· "For two weeks, I was shifted to work correcting sewing errors, at the minimum wage; at that time, I was completing a bulto [a packet or bundle of work, a standard production unit], and had completed four production tickets [a stick-on label representing part of the production quota]. While doing the repair work, I wasn't sure whether to turn in the tickets on the unfinished bulto. After two weeks I noticed that my pay check went down, and when I returned to production, I explained this to the supervisor. She said `These are old tickets. This doesn't count for anything.' And she took them and tore them up, threw them into the wastebasket. She also has favorites. I've seen the pay slips of others who do the same work with no more production, and they are higher. It may be because she saw me in the street with members of the union executive."

Another instrument of discriminatory treatment reported by union members was the periodic misuse of the exacting system of quality control, by which the identification of production errors may require an operator to reexamine bundles of dozens of items. Repeated quality errors, in addition, result in formal warnings and a trip to the personnel office where workers are required to sign a formal disciplinary form which goes in their file. The workers interviewed expressed an appreciation for the need for very high quality work in the plant, and a pride in their abilities in this regard: some of them described in detail the quality awards and the "100 percent" production award aprons they had won over the years for their work. The concern expressed with the system, however, is not only with the tension of speed v.s. quality which workers face daily, but with what some workers maintain were arbitrary rejections of top quality work as a means to punish and deter union membership. A number of union members maintained that quality control was sometimes a pretext to punish those who had joined the union and a tool to discourage other workers who had not.

In July 1996, according to workers in the unit that sews cuffs and sleeves in Camosa II, the issuance of reprimands of union members for lapses in quality increased (one of the four operators particularly affected, they said, was not a union member). Requirements to recheck every piece in the bundles accordingly reduced their production and earnings. They maintained that union members were cited for numerous production errors by quality control, by their account unjustly and punitively. The workers linked these citations in part to the poor quality of materials that they had been given to sew and the failure to protect their income when previous errors required correction.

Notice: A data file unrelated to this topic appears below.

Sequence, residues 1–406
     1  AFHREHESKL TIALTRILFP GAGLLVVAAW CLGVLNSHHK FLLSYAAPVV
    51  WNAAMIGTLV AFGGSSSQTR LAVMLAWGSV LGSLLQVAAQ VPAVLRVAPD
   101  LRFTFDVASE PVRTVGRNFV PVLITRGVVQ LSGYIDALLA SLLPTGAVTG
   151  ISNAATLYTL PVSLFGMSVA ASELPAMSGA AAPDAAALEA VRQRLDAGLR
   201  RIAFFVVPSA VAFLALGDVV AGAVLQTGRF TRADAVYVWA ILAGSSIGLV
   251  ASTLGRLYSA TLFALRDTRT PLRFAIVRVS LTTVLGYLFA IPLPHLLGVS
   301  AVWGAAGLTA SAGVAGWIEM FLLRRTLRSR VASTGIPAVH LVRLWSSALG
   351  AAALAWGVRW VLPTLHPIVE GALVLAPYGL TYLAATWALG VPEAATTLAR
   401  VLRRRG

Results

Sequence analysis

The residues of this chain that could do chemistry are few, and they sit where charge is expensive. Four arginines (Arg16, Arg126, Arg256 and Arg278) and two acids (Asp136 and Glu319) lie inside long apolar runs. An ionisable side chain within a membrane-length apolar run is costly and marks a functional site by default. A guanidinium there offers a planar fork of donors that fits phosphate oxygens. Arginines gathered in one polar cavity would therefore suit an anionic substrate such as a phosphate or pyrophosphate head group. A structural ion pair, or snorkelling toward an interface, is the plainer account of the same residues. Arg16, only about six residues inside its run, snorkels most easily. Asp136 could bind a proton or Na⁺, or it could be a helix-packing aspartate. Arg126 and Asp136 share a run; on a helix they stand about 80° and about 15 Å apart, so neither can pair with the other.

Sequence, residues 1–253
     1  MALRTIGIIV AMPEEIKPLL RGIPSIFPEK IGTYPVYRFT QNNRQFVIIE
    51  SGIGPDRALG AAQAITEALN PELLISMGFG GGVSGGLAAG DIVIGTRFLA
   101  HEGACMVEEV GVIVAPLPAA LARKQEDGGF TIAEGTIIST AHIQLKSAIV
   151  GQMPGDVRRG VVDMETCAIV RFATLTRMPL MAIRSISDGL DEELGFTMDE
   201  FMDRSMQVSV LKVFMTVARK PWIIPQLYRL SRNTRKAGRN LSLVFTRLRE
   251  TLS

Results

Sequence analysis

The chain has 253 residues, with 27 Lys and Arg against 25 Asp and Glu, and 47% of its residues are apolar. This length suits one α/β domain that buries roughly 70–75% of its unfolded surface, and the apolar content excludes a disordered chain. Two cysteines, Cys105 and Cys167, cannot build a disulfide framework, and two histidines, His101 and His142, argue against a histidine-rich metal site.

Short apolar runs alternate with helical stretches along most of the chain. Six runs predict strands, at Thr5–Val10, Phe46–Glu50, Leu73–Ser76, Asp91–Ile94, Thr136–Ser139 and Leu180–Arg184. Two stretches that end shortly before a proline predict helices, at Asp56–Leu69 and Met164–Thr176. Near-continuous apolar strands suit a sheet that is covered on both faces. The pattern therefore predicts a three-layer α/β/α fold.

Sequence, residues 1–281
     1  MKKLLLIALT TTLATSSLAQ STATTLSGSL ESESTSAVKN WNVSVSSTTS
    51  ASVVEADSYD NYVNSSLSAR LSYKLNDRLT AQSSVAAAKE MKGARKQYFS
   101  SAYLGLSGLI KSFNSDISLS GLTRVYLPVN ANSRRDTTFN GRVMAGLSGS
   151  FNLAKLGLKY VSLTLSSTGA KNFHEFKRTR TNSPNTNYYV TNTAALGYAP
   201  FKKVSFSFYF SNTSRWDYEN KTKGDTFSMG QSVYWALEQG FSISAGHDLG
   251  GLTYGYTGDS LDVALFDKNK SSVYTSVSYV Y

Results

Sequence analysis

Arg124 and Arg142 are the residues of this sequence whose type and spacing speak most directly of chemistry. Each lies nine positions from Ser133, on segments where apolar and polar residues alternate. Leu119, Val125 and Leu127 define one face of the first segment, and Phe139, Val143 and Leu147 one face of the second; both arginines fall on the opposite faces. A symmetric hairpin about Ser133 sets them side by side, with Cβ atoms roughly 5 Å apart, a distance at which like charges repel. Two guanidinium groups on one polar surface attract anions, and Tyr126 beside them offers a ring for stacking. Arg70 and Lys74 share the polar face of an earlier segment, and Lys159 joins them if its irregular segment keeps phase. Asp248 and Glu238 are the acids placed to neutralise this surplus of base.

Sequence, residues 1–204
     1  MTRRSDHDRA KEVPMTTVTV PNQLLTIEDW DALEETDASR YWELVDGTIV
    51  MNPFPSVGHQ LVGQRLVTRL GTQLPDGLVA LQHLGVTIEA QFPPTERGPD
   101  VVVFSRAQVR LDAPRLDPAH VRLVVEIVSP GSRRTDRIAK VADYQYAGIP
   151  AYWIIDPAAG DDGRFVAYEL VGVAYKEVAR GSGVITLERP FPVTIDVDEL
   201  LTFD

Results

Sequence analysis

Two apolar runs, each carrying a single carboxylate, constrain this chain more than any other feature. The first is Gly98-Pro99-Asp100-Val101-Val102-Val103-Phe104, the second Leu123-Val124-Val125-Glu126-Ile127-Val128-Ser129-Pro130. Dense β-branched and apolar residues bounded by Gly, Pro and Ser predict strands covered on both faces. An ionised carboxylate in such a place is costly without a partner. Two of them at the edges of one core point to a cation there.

Three other unionized workers from the same sewing unit separately described problems of unfair quality control rejections, as well as with the quality of the production materials reaching them. In the most recent case, the sleeves to which cuffs were to be attached had consistently been cut too long, requiring extra work to compensate; the supervisor had denied protection of their earnings in adjusting to this change in the operation, claiming "that's the way the cloth comes." For these women, the injustice was compounded when errors at an earlier stage in the production process resulted in their work being sent back for checking and correction ("the errors come from way back; they reject them only when they get to us.)"

The production unit at Camosa II that sewed cuffs and sleeves is just one of the units in the plant that had a particularly high concentration of union members. We interviewed six operators from this section separately, and received remarkably consistent accounts of what these workers described as persistent discriminatory treatment. Workers there described being criticized by supervisors and personnel officers for having joined the union, and as a result receiving poor quality materials, being unjustly reprimanded for the quality of their own work, being assigned poor machines, and being denied prompt and effective technical assistance when their machines broke down.

· One worker in cuffs and sleeves told Human Rights Watch that shortly after it became generally known that she had joined the union, the head of personnel approached her and demanded her reasons for joining an organization that would "only stir things up." Following this discussion, the employee maintains, she received more difficult pieces of material to sew. The worker's complaints to her immediate supervisor went unanswered. This affected her ability to meet production quotas and reduced her weekly earnings to between Q140 and Q150 ($20 to $21). It became nearly impossible for her to earn beyond the base rate.

· A member of the union executive told us she had been making Q350 or Q320 ($50-$45) a week in 1994, but after she began asking for union leave in 1995-the law provides for six paid days a month for union work-the chief of production moved her to a different machine and production line. She said the production manager told her "You've been absent a lot. I can't put you anywhere better." She had previously been earning at 100 percent of the production goal, but subsequently found herself earning just Q100 to Q105 ($14 to $15) a week. She was put on cuffs and sleeves, earning about Q120 ($17) a week. She is now getting more work, and earning some Q220 ($31) per week.